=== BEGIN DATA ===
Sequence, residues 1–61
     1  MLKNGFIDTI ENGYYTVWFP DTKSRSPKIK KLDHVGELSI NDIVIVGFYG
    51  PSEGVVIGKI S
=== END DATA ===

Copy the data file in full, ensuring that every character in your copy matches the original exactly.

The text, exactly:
Sequence, residues 1–61
     1  MLKNGFIDTI ENGYYTVWFP DTKSRSPKIK KLDHVGELSI NDIVIVGFYG
    51  PSEGVVIGKI S